Valencia region paves way for how curfews can return to Spain without state of alarm powers 

Valencia region paves way for how curfews can return to Spain without state of alarm powers 
Photo: Josep Lago/AFP
Valencia’s public prosecutor’s office has given its seal of approval to the return of curfew hours, setting a precedent for other regions that want to impose restrictions that technically encroach on fundamental rights in post-state of alarm Spain.

The regional government headed by Ximo Puig has received the backing of the Valencian district attorney’s office regarding the return of Covid-19 measures such as the curfew and limits on social gatherings as a means of curbing rising infections in the eastern territory. 

In early June, Spain’s Supreme Court ruled that these two types of measures should not be implemented since the state of alarm ended on May 9th, considering that such restrictions encroach on fundamental freedoms and are not proportional to the whole territory. 

But on this occasion Valencia’s public prosecutor’s office has considered the limit of ten people in public or private settings across the region as well as the 1am to 6am curfew in high-risk municipalities with more than 5,000 inhabitants to be balanced and corresponding to the region’s epidemiological situation. 

The curfew measure currently affects 32 municipalities in the region. In the province of Alicante: Sant Vicent del Raspeig; in the province of Castellón: Benicàssim; and in the province of Valencia: Alaquàs, Alboraia, Aldaia, Almàssera, Benaguasil, Benetússer, Benifaió, Bunyol, Burjassot, Catarroja, El Puig, Gandía, L’Eliana, Meliana, Mislata, Moncada, Paterna, Picanya, Picassent, Puçol, Quart de Poblet, Requena, Riba-roja de Túria, Sedaví, Silla, Tavernes Blanques, Utiel, Valencia, Vilamarxant and Xirivella. 

The region made of Valencia, Alicante and Castellón provinces has gone from having one of the persistently lowest infection rates in the EU (around 35 cases per 100,000 inhabitants) to 264 infections per 100,000, a fortnightly infection rate which has spiked in the region as it has done across Spain in a matter of two to three weeks.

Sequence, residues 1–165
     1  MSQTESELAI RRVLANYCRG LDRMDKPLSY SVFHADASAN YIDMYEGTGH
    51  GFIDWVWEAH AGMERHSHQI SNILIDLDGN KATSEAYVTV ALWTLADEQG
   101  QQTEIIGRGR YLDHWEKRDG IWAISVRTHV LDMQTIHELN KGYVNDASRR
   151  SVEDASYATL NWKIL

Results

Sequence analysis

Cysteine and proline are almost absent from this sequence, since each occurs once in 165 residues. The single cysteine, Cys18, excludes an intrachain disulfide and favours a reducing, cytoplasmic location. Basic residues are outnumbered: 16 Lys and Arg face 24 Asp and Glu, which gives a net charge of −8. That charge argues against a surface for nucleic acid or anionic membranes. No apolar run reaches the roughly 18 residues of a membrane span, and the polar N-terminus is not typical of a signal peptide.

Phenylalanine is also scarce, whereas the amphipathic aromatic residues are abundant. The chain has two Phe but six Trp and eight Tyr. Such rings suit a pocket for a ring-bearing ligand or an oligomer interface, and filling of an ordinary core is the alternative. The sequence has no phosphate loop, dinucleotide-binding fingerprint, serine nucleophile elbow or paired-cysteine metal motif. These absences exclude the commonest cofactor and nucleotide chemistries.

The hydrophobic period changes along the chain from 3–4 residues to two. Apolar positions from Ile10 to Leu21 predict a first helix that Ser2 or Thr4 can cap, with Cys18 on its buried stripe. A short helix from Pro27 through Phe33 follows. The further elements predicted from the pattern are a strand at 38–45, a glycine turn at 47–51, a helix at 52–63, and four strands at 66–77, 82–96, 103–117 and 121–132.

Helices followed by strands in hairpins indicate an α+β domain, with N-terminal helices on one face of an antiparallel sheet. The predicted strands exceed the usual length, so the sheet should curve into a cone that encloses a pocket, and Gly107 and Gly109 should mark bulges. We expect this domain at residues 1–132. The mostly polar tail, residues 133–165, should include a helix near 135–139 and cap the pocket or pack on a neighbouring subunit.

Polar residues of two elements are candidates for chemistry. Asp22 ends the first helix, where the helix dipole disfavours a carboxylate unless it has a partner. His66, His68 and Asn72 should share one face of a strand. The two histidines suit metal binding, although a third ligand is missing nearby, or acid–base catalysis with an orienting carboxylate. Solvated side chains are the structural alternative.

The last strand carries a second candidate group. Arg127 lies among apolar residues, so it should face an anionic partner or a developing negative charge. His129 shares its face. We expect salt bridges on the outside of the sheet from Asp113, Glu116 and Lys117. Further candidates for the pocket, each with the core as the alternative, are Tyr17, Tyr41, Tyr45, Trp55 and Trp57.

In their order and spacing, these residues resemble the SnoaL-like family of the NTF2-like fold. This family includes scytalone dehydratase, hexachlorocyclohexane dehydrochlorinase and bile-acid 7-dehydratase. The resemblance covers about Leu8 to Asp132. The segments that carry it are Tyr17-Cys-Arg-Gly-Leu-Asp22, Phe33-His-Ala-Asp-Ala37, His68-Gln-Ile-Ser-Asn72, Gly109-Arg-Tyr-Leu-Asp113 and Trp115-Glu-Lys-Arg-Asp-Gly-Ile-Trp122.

The Generalitat Valenciana government still needs the backing of the region’s high court, but it has already ruled in favour of the curfew twice in the region after the state of alarm (UPDATE: On Monday afternoon, Valencia high court ruled in favour of reintroducing the curfew and limits on social gatherings). 

The court ruling represents the latest chapter in the legal complications that Spain’s legislative system has had to face during the pandemic, with different interpretations by judges resulting in varying measures and regional authorities having to unwillingly lift restrictions in different regions. 

READ MORE: Spain’s top court lifts curfew and restrictions for meetings in the Balearic Islands

Spain’s two states of alarm – which went from March to June 2020 and then October 2020 to May 2021 – gave regional governments the powers to quickly legislate without having to first run coronavirus measures past judges. 

Without this legal framework, the regions no longer had the power to decide and depended on local and national judges, with the Spanish government approving in May a Royal Decree that gave Spain’s Supreme Court the final word on what measures limit fundamental rights.

READ MORE: ‘It’s irresponsible’ – Why Spain’s judges oppose govt’s handling of end of state of alarm

The decision by Valencia’s public prosecutor’s office lays out the legal background for other regions which have called for the return of the curfew (such as Castilla Y León and the Canary Islands) to know how to do so, by acting within proportionality and with an end date set for the end of the restrictions. 

That is what the Supreme Court ruled back in May, stressing that health legislation can allow limits on fundamental rights without a state of alarm as long as it’s “essential and temporary”.

In essence, we may not have seen the end of curfews in Spain during the pandemic, although rather than affecting the whole of Spain or entire regions, it’s likely that regional governments will reintroduce them in smaller areas where Covid cases are particularly high.   

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